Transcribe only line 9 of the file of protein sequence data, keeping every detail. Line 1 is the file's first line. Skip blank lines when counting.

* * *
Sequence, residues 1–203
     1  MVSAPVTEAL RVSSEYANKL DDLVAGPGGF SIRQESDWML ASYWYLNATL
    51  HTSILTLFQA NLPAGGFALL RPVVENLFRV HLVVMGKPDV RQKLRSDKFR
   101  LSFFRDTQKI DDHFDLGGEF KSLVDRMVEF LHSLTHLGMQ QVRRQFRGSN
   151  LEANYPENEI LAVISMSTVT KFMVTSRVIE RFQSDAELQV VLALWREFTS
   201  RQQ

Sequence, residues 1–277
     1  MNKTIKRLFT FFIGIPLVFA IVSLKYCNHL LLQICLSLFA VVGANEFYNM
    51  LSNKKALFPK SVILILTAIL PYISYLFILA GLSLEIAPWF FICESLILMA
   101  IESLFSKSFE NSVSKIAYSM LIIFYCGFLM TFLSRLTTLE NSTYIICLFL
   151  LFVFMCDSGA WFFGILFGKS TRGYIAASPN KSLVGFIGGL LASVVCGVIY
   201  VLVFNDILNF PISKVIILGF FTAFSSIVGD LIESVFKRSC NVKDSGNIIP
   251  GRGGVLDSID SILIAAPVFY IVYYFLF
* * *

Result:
    51  LSNKKALFPK SVILILTAIL PYISYLFILA GLSLEIAPWF FICESLILMA